About a year ago, I wrote an article titled “Yes, Virginia, There Is A Return On Customer Experience Investments.”
It was an effort to help executives appreciate the macro impact of great customer experiences, by describing the results of a stock performance analysis that my firm, Watermark Consulting, had conducted.
In that study, we analyzed the three-year stock returns for the Top 10 and Bottom 10 publicly traded companies ranked in Forrester Research’s 2007 Customer Experience Index.
The results were quite revealing. Customer experience Leader firms outperformed the S&P 500 benchmark, which in turn outperformed customer experience Laggard firms.
As last year’s article explained in detail, the analysis – like any study of this kind – was far from perfect. But it was intriguing. And it generated quite a bit of interest from the customer experience community and business executives who saw it.
With 2010 now in the history books, it was time to update the analysis to see if the performance profile detected last year remained intact. The short answer is – it did.
For this year’s analysis, we identified the Leaders and Laggards using Forrester Research’s Customer Experience Index studies, picking the Top 10 and Bottom 10 publicly traded companies from Forrester’s annual rankings. We calculated the total return from investing in an equally-weighted, annually readjusted portfolio of customer experience Leaders to that for customer experience Laggards and the broader market (as reflected by the S&P 500 index).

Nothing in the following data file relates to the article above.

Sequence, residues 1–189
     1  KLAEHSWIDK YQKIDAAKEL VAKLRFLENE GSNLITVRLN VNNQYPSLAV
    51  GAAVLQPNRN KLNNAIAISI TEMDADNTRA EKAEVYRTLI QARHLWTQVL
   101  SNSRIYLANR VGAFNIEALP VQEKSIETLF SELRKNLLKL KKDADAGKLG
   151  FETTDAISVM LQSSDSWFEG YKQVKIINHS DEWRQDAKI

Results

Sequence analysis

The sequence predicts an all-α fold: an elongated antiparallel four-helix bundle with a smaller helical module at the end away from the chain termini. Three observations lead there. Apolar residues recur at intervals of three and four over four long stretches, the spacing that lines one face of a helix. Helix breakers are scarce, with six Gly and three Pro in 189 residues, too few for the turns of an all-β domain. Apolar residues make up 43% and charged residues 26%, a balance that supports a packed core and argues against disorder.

For the period 2007-2010, the customer experience Leader portfolio outperformed the broader stock market, generating cumulative total returns that were 23% better than the S&P 500 Index and 121% better than the customer experience Laggard portfolio.
During three of the four years, the Leader portfolio always outperformed the index and the Laggard portfolio always underperformed the index.
With this Leader / Laggard performance pecking order now evident over a four-year time span, it’s hard to deny that there’s something interesting going on here.
The Leaders in this analysis are clearly enjoying the many benefits that great customer experiences and the resulting customer loyalties deliver: better retention, greater wallet share, lower acquisition costs and more cost efficient service.
In many cases, the Leaders are accomplishing this not with lavish, awe-inspiring experience design – but just with a keen understanding of their target audience, exceptional attention to nailing the basics and a knack for making it effortless for customers to interact with them.
Though the execution may not be easy, the overarching concept is: When you’re good to your customers, they’ll be good to you. And as this analysis again illustrates, that’s a strategy that plays quite well – on Main Street and Wall Street.